Crafting a new climate bill
Picking up the pieces after last year's failed climate legislation, senators hope to spring a new climate bill for Earth Day.
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Story by Manuel Quinones, CNC News
In the wake of the failure of the "cap and trade" concept to make it into law last year, a group of Senators is working on what is characterized as a different approach to the global warming problem.
Cap and trade was the idea of controlling industrial carbon pollution by setting a overall limit and then allowing clean companies to sell pollution "credits” or "allowances" to dirty companies that needed to lower their emission levels. The system turned carbon emissions into a salable commodity and pollution management into a marketplace activity.
But a controversial bill based on these principles narrowly passed in the House last year and later died in the Senate.
Now, Sen. John Kerry (D-MA) and Sen. Lindsey Graham (R-SC) are planning to introduce their much anticipated new climate bill to coincide with Earth Day.
"We have some important meetings to achieve this week. It’s a very very busy week," Kerry said.
Graham and Kerry refused to go into details regarding their negotiations and what parts of the legislation they’re still hammering out.
"We are informing people," Graham said.
The senators have been meeting with other lawmakers, environmental activists and energy industry leaders for months. Many of them are reserving their opinions until more details emerge.
Last year’s House version was unpopular with Republicans, some Democrats and many industry stakeholders, who lobbied hard and poured money into watering down and ultimately killing the cap and trade package.
"We are trying to accommodate to the concerns of various of our colleagues without compromising the goals of the bill which are energy independence, do something about climate change," said Sen. Joseph Lieberman (I-CT), who is also working on crafting the new bill.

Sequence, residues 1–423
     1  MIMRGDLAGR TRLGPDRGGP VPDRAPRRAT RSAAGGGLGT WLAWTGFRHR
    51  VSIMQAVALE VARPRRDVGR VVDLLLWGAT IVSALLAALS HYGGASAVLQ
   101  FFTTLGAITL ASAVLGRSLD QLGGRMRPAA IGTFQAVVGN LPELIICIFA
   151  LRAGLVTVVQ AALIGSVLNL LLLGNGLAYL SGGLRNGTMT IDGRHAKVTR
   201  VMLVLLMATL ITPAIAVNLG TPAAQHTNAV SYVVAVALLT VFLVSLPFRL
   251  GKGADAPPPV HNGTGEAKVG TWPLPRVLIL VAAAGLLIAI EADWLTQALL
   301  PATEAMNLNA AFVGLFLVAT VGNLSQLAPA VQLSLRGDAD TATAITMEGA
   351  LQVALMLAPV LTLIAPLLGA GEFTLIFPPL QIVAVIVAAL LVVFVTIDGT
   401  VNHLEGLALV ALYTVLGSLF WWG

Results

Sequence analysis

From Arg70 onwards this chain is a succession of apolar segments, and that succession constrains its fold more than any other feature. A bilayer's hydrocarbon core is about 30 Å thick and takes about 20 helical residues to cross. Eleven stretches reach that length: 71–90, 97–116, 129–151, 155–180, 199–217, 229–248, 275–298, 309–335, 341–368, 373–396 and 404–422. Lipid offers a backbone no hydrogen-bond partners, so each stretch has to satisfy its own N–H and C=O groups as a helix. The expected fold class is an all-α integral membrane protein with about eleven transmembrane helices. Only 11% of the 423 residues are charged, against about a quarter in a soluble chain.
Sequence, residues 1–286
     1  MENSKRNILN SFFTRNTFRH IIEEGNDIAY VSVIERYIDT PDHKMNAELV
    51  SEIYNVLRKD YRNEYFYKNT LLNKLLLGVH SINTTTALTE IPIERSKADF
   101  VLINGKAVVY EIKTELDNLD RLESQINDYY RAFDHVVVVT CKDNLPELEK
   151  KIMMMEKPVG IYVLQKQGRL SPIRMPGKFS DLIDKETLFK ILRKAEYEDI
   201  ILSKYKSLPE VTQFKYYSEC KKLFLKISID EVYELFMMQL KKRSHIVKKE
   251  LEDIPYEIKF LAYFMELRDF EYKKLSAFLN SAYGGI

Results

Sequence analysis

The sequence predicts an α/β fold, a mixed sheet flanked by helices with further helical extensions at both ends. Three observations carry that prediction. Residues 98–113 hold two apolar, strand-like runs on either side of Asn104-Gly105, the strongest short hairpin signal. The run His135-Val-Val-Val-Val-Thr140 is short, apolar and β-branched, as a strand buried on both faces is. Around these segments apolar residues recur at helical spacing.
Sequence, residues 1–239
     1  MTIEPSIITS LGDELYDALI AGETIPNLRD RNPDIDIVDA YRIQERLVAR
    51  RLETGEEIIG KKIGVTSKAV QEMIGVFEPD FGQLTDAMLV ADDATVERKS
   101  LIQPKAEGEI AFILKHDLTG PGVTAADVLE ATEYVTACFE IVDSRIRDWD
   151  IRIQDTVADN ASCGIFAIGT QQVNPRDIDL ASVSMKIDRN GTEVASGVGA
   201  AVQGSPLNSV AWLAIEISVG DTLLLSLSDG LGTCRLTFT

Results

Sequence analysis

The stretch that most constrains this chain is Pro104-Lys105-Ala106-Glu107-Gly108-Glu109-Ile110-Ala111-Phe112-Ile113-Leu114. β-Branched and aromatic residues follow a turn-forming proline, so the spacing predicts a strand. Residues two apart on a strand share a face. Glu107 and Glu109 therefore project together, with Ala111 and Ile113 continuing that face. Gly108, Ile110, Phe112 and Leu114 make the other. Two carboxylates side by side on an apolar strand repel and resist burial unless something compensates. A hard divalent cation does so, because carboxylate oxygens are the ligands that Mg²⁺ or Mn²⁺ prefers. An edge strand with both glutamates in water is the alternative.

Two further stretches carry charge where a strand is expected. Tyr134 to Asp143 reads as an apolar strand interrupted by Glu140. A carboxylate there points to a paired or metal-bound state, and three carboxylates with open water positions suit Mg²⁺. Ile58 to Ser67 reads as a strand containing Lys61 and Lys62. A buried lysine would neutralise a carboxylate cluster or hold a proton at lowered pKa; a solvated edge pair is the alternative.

The Kerry-Graham-Lieberman legislation is expected to seek dramatic reduction in greenhouse gas emissions by 2020. Unlike the House version, the bill is expected to treat different sectors of the economy differently and to move away from a large cap and trade scheme.
"Cap and trade as we know it is over," said Graham. "There will be some limited trading in the utilities area."
The electric utility industry has funneled significant amounts of money to both Graham and Lieberman, according to the Center for Responsive Politics.
The legislation may also include a tax on fuels, and incentives for domestic oil, gas and nuclear energy production.
"No matter what, we are going to put out a piece of legislation we believe will reflect our best sense of the direction we ought to take," Kerry said.
Despite a looming Supreme Court confirmation battle and the Wall Street overhaul, which is one of President Obama’s Congressional priorities, Senate Majority Leader Harry Reid said he sees space in the schedule for climate change.
"I feel very optimistic about the progress that we are making," Kerry said.
Created by Bureau Chief and Executive Producer Melinda Wittstock, Capitol News Connection from PRI provides insightful, localized coverage of participating stations' congressional delegations.